Michael L. Bird, A.I.A. Call or Email Today! (518) 615-4668


About Us


Michael Bird is the founder and principal of Adirondack Design. The firm was established in 1986 with the ideal of preserving, enhancing, and continuing the tradition of Adirondack architecture which began over a century ago. 

“Michael, a summer native of the Adirondacks has a genuine understanding of the elements that make up the unique features that set his designs beyond the expected... Whether stone, burls, logs or bark he carefully manipulates the natural elements into a rustic interpretation to create beautifully proportioned successfully thought out spaces. He includes elements that are pleasingly not the obvious. He goes beyond simple floor plan geometry and gives spaces a "feeling" that only a good architect can do. He has designed everything from "great camps" to humble cabins always interpreting the past with authenticity. He is a good communicator excellent listener and gets what it is the client wants. His plans are detailed and clear, both rustic and elegant and he is prompt at getting the job done. He is well connected with the best artisans, knows good sources for top materials throughout the region and has a most impressive portfolio of projects. I highly recommend Michael to anyone in love with Adirondack design!!” 
– Crarbear, Houzz


In all aspects of the development process, Adirondack Design works with the client
to provide unparalleled service.
Our purpose and intention is threefold:
  1. To incorporate ideas into workable three-dimensional designs suited to the terrain and landscape of the selected site, and sometimes assisting in the selection of an appropriate site.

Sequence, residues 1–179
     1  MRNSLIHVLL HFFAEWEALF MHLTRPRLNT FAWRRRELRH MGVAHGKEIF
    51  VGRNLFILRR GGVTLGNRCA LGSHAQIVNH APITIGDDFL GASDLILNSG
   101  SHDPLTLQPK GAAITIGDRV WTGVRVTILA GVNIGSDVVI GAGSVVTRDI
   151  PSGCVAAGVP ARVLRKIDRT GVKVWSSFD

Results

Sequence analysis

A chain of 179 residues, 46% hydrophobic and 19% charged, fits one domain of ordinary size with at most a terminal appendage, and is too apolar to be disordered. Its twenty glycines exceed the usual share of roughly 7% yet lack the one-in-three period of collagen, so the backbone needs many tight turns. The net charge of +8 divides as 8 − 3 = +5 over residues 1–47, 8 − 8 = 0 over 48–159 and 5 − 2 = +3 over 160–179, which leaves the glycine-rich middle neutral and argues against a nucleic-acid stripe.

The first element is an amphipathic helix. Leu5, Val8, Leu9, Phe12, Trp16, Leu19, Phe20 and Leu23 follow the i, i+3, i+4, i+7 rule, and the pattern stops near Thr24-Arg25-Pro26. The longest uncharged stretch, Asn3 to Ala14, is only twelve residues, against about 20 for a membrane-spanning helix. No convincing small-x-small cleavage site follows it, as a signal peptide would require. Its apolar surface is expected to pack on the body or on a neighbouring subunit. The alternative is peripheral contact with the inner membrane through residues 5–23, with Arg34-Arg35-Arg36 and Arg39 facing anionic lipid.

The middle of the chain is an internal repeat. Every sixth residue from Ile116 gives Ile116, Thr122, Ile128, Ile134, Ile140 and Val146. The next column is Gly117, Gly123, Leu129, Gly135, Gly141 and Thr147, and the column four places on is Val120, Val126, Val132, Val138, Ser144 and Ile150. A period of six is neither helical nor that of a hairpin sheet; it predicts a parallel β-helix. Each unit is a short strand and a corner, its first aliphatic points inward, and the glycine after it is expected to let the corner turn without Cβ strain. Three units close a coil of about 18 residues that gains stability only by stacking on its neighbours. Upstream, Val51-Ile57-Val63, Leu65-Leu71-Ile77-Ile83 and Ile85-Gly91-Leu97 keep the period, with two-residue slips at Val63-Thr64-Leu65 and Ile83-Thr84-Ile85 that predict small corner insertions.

2. To create a sound structure that will withstand the test of time.
  3. To assist in the selection of materials and furnishings so that the completed project will be an original specifically designed and tailored to each individual’s needs and requirements.
We combine the tools of the present to create ambiance of the past. 
Adirondack architecture dates back to the 1800s. The style quickly spread through the Adirondack Park, and eventually throughout the country, and is most evident in mountainous areas from the Appalachians in North Carolina to as far west as the Rocky Mountains.

Theodore Roosevelt became acquainted with the Adirondack style as a child when he was sent to these mountains to help control his asthma. He recognized that the Adirondack style best harmonized the relationship of the woods with man-made structures. When he helped create the National Park System, he felt strongly that the structures to be built within those parks would also fit in with the environment by emulating the Adirondack style. The Inn at Old Faithful in Yellowstone National Park is an excellent example of Adirondack architecture.
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